When Brigadier General McGee joined the United States Army, he was expected to take on a manual labor duty, but he had different aspirations. Brig. Gen. McGee remembers the moment he knew he wanted to be pilot, “I passed my pilot’s exam and after my first flight down in Tuskegee Alabama, I was hooked,” he recalls.
In this conversation, Brig. Gen. Charles McGee reflects on his role as a pilot with the all Black flying unit, the Tuskegee Airmen.
Brig. Gen. McGee and the Airmen challenged racist ideology that supported segregation and relegated Black soldiers to menial jobs in the armed forces. The Airmen were aviation experts and gained fame for their military victories.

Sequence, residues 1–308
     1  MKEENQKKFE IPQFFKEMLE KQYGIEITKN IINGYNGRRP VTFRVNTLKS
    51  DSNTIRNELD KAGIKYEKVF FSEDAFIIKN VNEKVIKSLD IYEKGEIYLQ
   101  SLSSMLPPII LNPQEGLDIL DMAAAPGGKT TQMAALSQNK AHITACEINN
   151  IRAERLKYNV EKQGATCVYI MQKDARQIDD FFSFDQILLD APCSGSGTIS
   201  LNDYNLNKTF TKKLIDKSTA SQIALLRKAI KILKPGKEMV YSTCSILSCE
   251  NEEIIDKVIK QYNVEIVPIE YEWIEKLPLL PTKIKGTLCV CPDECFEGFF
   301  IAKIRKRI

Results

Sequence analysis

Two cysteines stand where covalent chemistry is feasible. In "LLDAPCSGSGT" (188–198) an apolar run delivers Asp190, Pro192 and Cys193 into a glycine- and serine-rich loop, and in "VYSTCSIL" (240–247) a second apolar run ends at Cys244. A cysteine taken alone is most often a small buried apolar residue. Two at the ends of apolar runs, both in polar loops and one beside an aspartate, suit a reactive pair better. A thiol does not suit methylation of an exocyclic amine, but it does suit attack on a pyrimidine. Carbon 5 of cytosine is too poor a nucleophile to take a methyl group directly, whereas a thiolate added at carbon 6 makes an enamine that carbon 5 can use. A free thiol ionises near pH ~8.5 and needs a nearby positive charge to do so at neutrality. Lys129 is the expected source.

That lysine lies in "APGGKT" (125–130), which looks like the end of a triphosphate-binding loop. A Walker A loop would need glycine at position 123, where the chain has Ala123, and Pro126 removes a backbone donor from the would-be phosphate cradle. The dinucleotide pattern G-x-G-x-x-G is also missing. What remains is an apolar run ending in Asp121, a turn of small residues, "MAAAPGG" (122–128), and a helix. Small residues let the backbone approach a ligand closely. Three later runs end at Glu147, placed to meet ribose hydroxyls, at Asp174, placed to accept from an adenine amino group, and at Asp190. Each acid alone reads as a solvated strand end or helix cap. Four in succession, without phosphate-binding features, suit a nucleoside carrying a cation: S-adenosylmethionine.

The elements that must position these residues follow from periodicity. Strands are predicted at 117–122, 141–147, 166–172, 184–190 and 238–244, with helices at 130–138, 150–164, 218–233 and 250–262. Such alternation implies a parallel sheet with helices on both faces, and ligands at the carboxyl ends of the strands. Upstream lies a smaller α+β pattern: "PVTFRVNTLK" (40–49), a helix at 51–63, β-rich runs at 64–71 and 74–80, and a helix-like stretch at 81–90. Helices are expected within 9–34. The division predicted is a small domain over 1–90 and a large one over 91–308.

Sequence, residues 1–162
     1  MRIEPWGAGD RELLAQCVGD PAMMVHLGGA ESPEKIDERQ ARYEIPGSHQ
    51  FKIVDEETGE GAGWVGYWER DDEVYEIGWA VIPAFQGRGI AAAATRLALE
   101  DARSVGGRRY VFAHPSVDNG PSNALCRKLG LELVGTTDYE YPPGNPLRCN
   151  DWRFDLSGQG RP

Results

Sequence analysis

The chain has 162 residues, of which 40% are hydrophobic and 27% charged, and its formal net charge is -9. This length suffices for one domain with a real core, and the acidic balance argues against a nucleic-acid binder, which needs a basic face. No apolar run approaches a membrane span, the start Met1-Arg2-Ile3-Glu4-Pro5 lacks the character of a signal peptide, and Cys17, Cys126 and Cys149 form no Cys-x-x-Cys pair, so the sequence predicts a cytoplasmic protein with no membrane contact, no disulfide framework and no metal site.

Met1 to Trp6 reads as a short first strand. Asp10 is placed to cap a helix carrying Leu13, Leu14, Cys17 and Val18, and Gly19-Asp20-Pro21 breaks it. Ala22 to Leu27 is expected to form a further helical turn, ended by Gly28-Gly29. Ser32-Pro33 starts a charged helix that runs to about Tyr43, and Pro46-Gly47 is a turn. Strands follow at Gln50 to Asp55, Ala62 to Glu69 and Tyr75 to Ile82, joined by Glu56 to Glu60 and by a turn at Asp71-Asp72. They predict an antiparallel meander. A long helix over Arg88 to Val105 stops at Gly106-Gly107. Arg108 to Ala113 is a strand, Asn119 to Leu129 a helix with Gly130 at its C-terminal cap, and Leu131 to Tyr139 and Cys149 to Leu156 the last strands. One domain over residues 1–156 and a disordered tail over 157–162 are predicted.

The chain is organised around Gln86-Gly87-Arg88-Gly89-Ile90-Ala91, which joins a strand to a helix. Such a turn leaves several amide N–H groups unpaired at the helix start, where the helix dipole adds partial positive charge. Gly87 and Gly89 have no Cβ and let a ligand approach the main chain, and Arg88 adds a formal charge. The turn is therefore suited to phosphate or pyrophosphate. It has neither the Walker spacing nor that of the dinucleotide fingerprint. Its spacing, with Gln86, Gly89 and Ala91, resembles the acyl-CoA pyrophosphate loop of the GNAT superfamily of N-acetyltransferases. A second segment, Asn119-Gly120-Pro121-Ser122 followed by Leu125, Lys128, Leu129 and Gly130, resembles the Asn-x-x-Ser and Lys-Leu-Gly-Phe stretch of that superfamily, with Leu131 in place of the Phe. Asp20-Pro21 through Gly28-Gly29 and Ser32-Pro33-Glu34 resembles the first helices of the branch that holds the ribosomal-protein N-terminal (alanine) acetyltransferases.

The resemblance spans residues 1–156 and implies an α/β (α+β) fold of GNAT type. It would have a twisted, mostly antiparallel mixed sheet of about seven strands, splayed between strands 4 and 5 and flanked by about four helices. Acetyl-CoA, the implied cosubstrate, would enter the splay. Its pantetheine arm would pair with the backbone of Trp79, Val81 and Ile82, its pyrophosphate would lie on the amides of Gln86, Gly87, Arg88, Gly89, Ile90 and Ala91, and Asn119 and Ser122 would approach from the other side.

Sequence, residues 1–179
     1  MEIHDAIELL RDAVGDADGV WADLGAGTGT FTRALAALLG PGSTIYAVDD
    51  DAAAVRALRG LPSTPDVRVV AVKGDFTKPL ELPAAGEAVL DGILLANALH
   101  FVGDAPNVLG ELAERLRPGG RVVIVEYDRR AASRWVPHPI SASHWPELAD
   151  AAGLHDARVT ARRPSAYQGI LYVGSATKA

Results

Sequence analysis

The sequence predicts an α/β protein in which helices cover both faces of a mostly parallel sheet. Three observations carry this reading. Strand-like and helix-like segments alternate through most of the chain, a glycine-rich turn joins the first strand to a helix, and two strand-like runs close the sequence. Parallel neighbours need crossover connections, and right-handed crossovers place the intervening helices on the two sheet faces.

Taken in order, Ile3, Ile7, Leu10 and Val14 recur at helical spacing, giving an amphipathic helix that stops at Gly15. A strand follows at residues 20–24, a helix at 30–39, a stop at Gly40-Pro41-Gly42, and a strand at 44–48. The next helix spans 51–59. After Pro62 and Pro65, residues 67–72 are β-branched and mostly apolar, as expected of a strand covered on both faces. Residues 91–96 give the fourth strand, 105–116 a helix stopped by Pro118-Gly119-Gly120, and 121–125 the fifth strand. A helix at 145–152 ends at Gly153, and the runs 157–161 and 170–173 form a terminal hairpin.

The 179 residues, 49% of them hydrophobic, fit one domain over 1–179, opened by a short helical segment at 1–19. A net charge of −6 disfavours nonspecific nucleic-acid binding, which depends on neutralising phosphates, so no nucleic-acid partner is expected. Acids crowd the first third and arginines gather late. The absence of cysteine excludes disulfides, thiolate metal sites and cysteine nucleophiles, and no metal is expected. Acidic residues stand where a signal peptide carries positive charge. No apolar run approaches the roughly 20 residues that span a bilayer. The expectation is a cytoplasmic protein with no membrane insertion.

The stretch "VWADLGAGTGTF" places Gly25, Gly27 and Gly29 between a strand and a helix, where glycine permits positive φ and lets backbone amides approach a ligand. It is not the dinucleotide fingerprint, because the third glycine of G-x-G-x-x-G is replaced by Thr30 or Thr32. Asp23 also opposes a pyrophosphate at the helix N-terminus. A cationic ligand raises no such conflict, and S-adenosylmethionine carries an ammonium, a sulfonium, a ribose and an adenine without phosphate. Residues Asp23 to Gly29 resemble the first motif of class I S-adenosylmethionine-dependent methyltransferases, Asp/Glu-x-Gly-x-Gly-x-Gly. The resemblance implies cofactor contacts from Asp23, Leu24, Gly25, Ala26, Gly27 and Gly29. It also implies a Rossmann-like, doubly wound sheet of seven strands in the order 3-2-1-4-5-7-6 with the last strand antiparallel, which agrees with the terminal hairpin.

As a fighter pilot, McGee protected bomber aircrafts while they performed critical missions. “The focus was the mission and not on the segregation,” he proclaims.
Brig. Gen. McGee went on to serve in the Korean War and the Vietnam War. Altogether he completed nearly 400 combat missions.
In 1948, President Harry S. Truman signed Executive Order 9981, ending racial segregation in the armed forces. In 2007, the Tuskegee Airmen, including Brig. Gen. Charles McGee, received a Congressional Gold Medal for their service and role in breaking racial barriers.